Tuesday, February 12, 2008

Seiures and ADHD

My son, Joey, was diagnosed with ADHD in first grade. He was a struggling learner and had a hard time paying attention, so we weren't surprised. And his father was diagnosed with ADHD, so if it was hereditary - then we figured it was passed down. Joey's also never been a sleeper. His nurse would tell you that it's my fault because I woke him up at 3 in the morning to see him the night he was born. He was born on 2/16 at 10:16 weighing 8lbs 15 oz. His pop pop said to throw him back he wasn't a 9 pounder. But when Joey was born, he was also a bit blue and full of gunk. They took him to clear him. Plus, it was a natural birth and I needed some attention. I didn't get to hold Joey and was quite upset about it. So I kept asking for him. The nurse told me he'd never sleep through the night and it was my fault for setting the precedent.
So in 2006 when he was diagnosed with absent seizures that primarily took place during his sleep and explained some of his behavior and his lack of quality sleep, I felt the burden lift. We knew the problem.
The nice thing was my first insurance covered all of it. So the testing was fine and the medicine was manageable.
Now my insurance has changed and it's getting expensive. That's not what this blog is about though. It's about the fact that we are still left wondering as to what's going on with Joey.

He was changed to Focalin last year and his grades improved. He was finally getting on grade level and was able to comprehend things. We were thrilled. But then he started getting aggressive and that's not good. And his sleeplessness was coming back. The Clonidine wasn't helping. So they ordered another sleep study. Those are expensive, but I figured it would be worth it if we found out what was going on.

His Depakote, for seizures, was upped. He was prescribed Vyvanse, a pro-drug, for ADHD.

He wasn't as aggressive, but his grades flatlined. He's failing again and can't remember simple things like 2+2 or what he did for his birthday last year. He remembers Joe, Josh and Jay from 3 years before, but not last year. Can't remember the title of the book we had been reading or what happened in the chapter the night before. And then school started reporting to me that he was having a loss of bowel movements, sleeping in class, waking up dizzy and disoriented. Staring off into space for longer periods of time, confused about where he was, and then walking like he was drunk. Last week he totally fell asleep, but was clenching his fists and drooling. I had to carry him out to my car he was so out of it. Today his school called because he fell asleep, fell out of his chair, hit the ground so hard the teacher from the next room came running over to make sure all was okay - and he never woke. He slept from 6:30-9 last night and then 10 PM until this morning.He should not have been tired.

So we have another sleep study scheduled for later this month. I hope it reveals something for us so we can help him.

But here's something else I found out. Focalin's prescription paper from the pharmacist says not to administer with Clonidine or Depakote. It even says that it should not be administered to children with abnormal EEG's and are prone to seizures because it can actually increase seizure activity. Vyvanse's paperwork that came from the company never mentioned seizures as a side effect. But guess what? On the detailed sheet that's not so pronounced on their website and on the pharmacy sheet my mom was reading on Friday night, it says the same thing. Do not give to children like Joey. I called my cousin, a research pharmacist, and he said the same thing. CVS's website (Caremark) says the same thing. My doctor said that it was an old warning and they are okay to prescribe together. Who do I believe? The doctor or the druggists? (And the druggists didn't catch this. They gave me the paperwork, it was my responsibility to read it and check with my doctor.)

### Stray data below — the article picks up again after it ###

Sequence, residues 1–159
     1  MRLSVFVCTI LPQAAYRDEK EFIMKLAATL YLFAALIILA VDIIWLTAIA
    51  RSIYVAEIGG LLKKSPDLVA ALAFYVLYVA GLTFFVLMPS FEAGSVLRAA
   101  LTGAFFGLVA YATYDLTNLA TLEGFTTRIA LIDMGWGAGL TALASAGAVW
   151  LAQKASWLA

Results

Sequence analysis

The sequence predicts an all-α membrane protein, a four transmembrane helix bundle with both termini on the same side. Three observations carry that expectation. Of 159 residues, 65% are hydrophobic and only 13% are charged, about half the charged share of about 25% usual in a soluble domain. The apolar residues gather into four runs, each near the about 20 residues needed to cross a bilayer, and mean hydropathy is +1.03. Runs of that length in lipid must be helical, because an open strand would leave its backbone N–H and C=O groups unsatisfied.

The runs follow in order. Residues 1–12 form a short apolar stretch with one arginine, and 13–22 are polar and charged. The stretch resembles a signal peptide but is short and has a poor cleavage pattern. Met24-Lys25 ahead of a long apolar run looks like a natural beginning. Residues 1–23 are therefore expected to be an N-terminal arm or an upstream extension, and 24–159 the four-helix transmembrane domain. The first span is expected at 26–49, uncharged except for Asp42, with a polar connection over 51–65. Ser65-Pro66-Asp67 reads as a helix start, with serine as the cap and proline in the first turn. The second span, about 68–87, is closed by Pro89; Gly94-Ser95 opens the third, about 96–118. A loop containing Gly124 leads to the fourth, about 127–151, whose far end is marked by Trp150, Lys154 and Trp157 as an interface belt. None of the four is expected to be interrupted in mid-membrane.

I did call Vyvanse and report it to the nurse who has to record all information for the FDA. What good will it be? I don't know. But in all honesty - I'm at a loss. Joey is no where near the desperate case of some- but he shouldn't have to be going through this. He's never going to be ready for third grade at this rate, and I don't know how much more of the antics he's been displaying lately I can take. Discipline is hard, and getting harder. We have to be careful not to discipline the medical issues, but sometimes it's hard to tell what is a true behavior issue.

His teacher has been patient. I've been blessed with his teachers at Pine Grove. They truly are an A school and I'm glad we're there. And his music teachers are making sure he continues in guitar since that's a time period he seems to calm down in and can focus. I have many blessings. It's time for Joey to get the one he needs with answers to his issues.

It's 11:43 and he's wide awake and hungry. Time to go deal.

1 comment:

Tim said...

Danielle, I am so sorry your son has to go through this. My youngest daughter was diagnosed as bi-polar, then not bi-polar, then bi-polar again. We've been through many medications and unbelievable behavior patterns. Now that she's older, the problem seems to be normalizing.

As for guitar, is it just a coincidence that your son calms down in the period he has music? Would soft, instrumental music in the classroom (or his iPod) help him at other times of the day?

Again, my thoughts and prayers are with you and your family as you continue to research the solutions to this situation.